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Tag Archives: dna evidence

Criminal Practice – DNA Evidence – Prosecutor’s Fallacy – No Prejudice – Rape & Sex Offense (access required)

State v. Ragland Even though a prosecution witness’s testimony about DNA evidence included the prosecutor’s fallacy, given other evidence – testimony from the same witness, physical evidence, and the victim’s testimony – we cannot say that the jury would probably have reached a different verdict in the absence of the prosecutor’s fallacy evidence.

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Two criminal issues, two unexplained rulings from NC Supreme Court (access required)

DNA

The North Carolina Supreme Court punted on a chance to examine the reliability of a new scientific advance in the toolbox of crime scene investigators. A Gaston County jury found Mark Bradley Carver guilty of the 2008 murder of UNC Charlotte student Irina Yarmolenko based largely on the presence of Carver’s “touch DNA” on Yarmolenko’s car. Testing for touch DNA, which is left when skin cells touch an object, is a relatively new practice.

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Criminal Practice – Evidence – Expert Witnesses – DNA Evidence – Prosecutor’s Comments (access required)

State v. Harris The population geneticists -- who made the determinations about the probability of an unrelated, randomly chosen person being the one who contributed to the DNA mixture taken from the victim’s rape kit – were unavailable to testify. Nonetheless, SBI Agent Mackenzie Dehaan gave her opinion that the statistical information upon which she relied in developing her opinion regarding the significance of the DNA match was of a type reasonably relied upon by experts in the field of DNA analysis, such being admissible under N.C. R. Evid. 703. The trial court did not err in admitting the statistical information.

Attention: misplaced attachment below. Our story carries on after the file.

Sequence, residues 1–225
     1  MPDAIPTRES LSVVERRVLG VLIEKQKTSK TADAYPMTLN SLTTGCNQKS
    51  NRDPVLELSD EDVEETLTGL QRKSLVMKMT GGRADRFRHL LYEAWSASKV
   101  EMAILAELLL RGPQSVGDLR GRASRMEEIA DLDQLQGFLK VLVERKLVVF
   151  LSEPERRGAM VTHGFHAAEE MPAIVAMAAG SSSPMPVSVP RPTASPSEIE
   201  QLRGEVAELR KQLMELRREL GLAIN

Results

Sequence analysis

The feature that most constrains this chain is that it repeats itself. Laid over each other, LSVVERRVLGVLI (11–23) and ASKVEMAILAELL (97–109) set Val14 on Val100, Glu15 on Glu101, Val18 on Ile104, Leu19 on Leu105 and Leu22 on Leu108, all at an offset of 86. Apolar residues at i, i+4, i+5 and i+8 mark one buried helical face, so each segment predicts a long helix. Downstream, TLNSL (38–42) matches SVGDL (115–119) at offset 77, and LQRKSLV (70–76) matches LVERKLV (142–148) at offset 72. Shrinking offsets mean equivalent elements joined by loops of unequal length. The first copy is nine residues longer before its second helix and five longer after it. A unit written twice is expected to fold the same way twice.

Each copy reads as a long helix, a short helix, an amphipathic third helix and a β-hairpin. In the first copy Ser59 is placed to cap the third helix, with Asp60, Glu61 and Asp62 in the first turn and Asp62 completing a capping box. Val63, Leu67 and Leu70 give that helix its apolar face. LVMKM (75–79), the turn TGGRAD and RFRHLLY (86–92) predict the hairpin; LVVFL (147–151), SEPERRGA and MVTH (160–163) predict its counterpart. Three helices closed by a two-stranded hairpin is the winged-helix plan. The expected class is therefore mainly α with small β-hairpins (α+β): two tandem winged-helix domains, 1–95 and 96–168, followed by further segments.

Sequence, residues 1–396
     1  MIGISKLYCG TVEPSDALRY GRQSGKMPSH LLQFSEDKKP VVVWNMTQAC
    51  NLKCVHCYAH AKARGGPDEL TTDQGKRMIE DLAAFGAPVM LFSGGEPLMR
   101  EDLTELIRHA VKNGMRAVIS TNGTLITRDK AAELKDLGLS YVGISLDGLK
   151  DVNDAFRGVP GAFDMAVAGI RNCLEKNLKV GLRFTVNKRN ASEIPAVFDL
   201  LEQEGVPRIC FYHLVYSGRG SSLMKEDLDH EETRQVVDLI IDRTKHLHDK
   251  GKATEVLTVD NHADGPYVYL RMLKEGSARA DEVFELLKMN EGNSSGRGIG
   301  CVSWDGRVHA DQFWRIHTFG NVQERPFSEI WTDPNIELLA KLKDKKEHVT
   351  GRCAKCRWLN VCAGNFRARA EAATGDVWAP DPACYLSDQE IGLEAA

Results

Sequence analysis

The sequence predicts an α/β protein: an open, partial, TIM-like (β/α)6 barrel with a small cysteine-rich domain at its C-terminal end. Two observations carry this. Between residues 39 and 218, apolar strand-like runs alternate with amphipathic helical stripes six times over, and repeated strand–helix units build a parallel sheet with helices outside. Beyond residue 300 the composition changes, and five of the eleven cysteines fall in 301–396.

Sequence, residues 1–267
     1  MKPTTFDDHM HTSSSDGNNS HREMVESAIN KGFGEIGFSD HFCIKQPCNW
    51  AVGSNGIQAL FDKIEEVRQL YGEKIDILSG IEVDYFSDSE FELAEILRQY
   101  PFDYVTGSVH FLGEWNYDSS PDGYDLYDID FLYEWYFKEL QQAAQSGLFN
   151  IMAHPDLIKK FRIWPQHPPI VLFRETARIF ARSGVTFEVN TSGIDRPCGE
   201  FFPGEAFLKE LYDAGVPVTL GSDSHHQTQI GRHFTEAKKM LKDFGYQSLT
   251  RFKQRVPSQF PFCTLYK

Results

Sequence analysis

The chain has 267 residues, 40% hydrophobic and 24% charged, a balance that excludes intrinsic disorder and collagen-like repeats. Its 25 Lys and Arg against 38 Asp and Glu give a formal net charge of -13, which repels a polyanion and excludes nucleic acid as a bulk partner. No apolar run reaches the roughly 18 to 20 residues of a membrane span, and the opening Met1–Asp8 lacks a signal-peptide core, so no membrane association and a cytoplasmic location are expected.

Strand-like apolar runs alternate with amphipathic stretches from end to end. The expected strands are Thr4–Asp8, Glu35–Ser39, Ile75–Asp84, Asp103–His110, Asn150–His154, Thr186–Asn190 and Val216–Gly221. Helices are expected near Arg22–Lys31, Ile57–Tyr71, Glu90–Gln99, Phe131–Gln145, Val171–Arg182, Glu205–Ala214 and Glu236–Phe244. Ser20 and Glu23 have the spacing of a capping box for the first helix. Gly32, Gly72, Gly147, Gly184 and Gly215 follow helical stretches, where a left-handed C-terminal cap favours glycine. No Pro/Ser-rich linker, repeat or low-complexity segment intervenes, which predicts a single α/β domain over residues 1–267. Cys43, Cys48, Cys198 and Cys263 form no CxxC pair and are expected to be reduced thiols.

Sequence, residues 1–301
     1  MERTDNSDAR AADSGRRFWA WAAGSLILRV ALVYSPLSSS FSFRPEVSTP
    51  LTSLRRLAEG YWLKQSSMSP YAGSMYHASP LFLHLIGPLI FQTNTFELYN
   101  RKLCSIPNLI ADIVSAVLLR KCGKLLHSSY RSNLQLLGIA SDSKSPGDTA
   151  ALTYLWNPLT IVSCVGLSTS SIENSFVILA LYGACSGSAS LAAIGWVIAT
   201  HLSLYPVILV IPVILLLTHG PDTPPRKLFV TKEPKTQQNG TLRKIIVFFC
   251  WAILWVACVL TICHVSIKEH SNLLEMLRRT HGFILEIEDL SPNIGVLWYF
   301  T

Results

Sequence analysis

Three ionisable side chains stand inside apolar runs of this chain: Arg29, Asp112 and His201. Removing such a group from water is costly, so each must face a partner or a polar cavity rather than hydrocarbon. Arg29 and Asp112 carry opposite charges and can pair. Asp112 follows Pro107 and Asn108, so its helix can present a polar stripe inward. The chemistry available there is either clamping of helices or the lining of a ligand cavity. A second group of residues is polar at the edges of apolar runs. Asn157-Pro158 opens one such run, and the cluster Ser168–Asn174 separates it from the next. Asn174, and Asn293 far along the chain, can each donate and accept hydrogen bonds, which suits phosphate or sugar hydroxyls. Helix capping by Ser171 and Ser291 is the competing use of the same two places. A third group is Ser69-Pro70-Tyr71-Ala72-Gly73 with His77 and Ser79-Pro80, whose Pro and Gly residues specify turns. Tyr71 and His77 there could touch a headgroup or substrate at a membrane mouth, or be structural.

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NC man finds life hard after cleared of charges (access required)

MEBANE (AP) — Ronald Cotton gently lifts his right arm with his left and rests it in his lap, scowling as he remembers the limb is useless to him. His right leg is no good now. Cotton’s face droops as he talks, yet he tells one story after another, every 10th word or so incomprehensible. They are the burdens left by a stroke in July. “I was living a pretty good life. Nothing amazing. Then bam,” said Cotton, 49. “I never saw it coming.”

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